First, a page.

The Israel Defense Forces has said it will stop monitoring social media posts as part of its COVID-19 contact-tracing efforts, something many Israelis have found disturbing.
The Home Front Command’s Alon Task Force has been using information available on social media to check up on the plans of infected people to attend social gatherings in violation of government pandemic regulations.
The information was then shared with police.
The task force was granted authority to do so for the purpose of helping epidemiological researchers interview patients or those who came into contact with them.
“During the task force’s activity, publicly available information was collected from the internet in order to prevent outbreaks of disease and focus on preventive actions. It was passed on to the Israel Police in order to enforce the guidelines,” says Brig. Gen. Hidai Zilberman, head of the IDF Spokesperson’s Unit.
“After an examination that was conducted over the past few days, an instruction was given to stop this activity – and this was implemented immediately,” he Zilberman.
Army and police tracing activities have concentrated on finding infected people who break quarantine, and on locating social gatherings such as weddings, funerals, parties, large prayer gatherings, “raves” and other crowded events, where the coronavirus can easily spread.
Many Israelis have been concerned about military intervention in civilian affairs, specifically regarding privacy and civil rights.
“This is a civil and health matter, not a security issue, and the army should be not be conducting this operation,” says Prof. Michael Birnhack, associate dean for research at the Tel Aviv University Faculty of Law.
“Civil[ian] tools rather than security-based tools should be used for contact tracing. Unfortunately, this is not clear to decision-makers. The military mindset is different from what is needed for a civilian health crisis,” he says.
Enforcement is vital, Birnhack says, “but this should done within civil[ian] means. The means need to fit the goals and be proportional.”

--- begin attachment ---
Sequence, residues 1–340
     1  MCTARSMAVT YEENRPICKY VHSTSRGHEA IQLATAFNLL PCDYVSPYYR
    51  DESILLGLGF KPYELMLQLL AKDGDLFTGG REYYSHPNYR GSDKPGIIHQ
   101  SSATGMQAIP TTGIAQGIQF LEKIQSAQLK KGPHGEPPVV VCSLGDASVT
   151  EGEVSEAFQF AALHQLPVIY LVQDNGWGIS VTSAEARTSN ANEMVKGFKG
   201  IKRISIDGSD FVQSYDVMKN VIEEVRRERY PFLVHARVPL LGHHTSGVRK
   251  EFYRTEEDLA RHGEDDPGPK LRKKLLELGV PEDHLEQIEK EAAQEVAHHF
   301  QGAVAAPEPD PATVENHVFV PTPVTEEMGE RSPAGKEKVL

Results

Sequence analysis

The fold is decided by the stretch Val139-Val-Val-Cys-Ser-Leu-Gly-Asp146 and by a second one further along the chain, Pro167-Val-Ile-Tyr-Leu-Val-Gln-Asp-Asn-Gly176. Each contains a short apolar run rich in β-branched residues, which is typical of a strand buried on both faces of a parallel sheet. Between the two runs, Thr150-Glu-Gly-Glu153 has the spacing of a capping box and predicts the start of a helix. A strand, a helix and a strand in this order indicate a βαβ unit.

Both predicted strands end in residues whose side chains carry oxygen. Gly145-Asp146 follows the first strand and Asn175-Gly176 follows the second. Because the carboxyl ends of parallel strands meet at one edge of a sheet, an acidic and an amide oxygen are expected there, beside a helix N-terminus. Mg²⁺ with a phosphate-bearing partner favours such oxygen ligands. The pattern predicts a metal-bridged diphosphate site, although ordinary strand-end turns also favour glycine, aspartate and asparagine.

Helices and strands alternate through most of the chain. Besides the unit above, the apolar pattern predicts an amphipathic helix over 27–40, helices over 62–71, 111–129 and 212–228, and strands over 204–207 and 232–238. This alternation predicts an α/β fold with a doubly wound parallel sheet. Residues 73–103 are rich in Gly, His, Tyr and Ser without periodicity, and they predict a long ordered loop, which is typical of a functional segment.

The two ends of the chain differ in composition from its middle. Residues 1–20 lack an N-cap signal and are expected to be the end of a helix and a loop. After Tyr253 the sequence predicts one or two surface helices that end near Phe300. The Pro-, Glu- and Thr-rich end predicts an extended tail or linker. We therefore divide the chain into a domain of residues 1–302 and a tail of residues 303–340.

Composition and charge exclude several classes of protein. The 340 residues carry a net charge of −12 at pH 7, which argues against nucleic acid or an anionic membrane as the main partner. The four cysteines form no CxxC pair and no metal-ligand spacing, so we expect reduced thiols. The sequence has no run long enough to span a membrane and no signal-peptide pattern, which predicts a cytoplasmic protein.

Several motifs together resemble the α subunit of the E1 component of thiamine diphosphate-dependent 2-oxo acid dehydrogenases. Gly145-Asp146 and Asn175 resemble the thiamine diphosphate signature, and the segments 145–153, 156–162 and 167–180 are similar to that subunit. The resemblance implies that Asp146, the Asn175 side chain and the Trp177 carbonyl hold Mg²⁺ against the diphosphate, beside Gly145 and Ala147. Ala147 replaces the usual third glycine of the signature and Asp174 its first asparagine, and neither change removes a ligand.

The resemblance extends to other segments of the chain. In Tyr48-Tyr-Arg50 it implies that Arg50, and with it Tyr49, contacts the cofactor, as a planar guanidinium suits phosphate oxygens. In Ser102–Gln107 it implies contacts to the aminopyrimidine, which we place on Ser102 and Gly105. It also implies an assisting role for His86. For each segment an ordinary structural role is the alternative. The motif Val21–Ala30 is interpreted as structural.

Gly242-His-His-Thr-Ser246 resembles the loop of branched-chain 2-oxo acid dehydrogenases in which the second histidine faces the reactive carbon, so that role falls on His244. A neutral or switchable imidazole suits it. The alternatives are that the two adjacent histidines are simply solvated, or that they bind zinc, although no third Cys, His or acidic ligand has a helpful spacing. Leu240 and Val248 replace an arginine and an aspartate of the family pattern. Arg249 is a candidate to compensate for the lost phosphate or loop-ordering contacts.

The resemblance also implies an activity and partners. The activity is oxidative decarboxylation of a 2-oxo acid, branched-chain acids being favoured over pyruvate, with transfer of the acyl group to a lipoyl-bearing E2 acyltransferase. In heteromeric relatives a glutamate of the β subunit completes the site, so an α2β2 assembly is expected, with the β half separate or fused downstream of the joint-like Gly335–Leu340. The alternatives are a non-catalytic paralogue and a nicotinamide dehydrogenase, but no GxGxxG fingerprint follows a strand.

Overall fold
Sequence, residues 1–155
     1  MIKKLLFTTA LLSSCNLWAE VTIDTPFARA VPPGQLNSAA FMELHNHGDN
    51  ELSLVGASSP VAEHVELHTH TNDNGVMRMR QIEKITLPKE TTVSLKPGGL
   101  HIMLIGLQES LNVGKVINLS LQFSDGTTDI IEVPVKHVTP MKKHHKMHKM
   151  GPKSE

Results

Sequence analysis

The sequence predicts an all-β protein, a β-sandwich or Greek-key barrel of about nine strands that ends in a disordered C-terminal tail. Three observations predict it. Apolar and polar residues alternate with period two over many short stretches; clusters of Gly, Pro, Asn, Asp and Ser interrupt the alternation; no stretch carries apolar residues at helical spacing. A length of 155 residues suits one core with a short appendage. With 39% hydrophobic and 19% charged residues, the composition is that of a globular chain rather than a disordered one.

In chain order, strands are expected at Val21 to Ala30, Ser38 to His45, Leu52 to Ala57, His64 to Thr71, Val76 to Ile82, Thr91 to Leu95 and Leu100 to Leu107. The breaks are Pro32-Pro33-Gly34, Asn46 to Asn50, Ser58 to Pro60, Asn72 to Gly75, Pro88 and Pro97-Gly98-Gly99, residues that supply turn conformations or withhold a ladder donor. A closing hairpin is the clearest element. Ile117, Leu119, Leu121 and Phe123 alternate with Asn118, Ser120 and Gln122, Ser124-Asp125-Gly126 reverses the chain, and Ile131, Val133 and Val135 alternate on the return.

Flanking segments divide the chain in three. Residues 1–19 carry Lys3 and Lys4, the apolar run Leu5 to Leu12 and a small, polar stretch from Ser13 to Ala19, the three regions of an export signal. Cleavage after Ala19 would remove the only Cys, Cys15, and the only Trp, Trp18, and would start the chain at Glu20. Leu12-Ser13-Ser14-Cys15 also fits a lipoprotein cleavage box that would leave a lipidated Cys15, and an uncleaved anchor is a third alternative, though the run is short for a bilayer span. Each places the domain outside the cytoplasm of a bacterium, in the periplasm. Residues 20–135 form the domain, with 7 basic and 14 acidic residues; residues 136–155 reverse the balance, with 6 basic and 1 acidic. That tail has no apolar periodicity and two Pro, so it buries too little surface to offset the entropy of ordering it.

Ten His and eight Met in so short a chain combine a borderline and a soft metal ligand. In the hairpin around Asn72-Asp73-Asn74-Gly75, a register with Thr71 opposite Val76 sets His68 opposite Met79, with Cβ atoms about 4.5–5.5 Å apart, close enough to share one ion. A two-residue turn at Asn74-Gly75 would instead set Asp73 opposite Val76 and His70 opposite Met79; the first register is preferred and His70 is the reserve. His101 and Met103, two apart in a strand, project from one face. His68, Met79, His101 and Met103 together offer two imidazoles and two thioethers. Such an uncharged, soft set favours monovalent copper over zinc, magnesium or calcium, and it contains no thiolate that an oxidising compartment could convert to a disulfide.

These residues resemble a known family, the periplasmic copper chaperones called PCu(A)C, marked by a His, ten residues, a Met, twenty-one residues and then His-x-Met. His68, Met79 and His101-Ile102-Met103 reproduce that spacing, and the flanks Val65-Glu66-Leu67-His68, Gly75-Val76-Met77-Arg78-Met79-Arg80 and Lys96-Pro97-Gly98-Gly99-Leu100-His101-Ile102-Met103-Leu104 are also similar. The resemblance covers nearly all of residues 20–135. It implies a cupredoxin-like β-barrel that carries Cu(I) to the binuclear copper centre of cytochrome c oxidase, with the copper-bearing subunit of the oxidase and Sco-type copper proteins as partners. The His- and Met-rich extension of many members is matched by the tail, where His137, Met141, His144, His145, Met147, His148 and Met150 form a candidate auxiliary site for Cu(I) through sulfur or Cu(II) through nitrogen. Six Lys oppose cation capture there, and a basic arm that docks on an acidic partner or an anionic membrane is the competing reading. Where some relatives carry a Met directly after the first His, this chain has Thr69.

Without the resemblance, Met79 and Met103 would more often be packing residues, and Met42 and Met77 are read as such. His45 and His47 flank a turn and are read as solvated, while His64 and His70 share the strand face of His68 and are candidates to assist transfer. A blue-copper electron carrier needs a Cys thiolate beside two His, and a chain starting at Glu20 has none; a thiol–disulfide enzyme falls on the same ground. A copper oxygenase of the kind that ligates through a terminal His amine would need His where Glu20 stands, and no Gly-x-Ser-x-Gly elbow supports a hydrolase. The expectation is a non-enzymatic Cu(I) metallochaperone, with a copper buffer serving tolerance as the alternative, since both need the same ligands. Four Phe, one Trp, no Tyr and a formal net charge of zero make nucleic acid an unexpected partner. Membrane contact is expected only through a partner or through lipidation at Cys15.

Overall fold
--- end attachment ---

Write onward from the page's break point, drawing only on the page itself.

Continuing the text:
Assaf Agmon, a retired Air Force brigadier general and leading voice in public protests against the government of Prime Minister Benjamin Netanyahu, says: “In principle, it would be an absolute disaster if the IDF were used against civilians, no matter the situation.”
According to an emotional Agmon, the army’s name says it all.
“It is the people’s army. It was set up by the country’s founders. No one, not [David] Ben-Gurion nor [Menachem] Begin and not [Yitzhak] Shamir ever used the army against the people,” he says, citing prime ministers from across the political spectrum.
But a Jerusalem lawyer who asked that her name not be used says contact tracing via social media was not necessarily a privacy issue because Facebook posts are usually public. But it is not always so tidy.
“If they [the military] were somehow getting into people’s pages and able to see their posts even though they had it set that only friends can see the posts, then it may very well be a privacy issue,” the lawyer says.
Asked about contact-tracing activities of the Israel Police, the force’s foreign media spokesperson, Supt. Micky Rosenfeld, says that it was making “active efforts” to ensure that the public follows government guidelines.
“It does not matter where or what [people] are doing, we are working to prevent large gatherings of any type,” Rosenfeld says.
This is not the first time that blurring the line between civilians and the military has upset Israelis. It also occurred in late September during a national lockdown, when anti-government protests were limited to within half a mile of one’s home and soldiers helped man checkpoints.
After two women were detained by the police for screaming at a soldier manning a Jerusalem checkpoint, the military ceased assisting law enforcement with protesters.
Following that incident, the IDF spokesperson said at a news briefing that sending soldiers to do policing tasks “isn’t the most effective way” to use them, and soldiers “should not carry out enforcement [actions] against [Israeli] civilians.”
Birnhack believes that once the military is out of the picture, the rules governing the collection of information will change.
“We are still a democratic country,” he says.
“Surveillance of events on social media is disproportional. We should not be treated as criminals. Being sick is not a crime."
Article written by Joshua Shuman. Reprinted with permission from The Media Line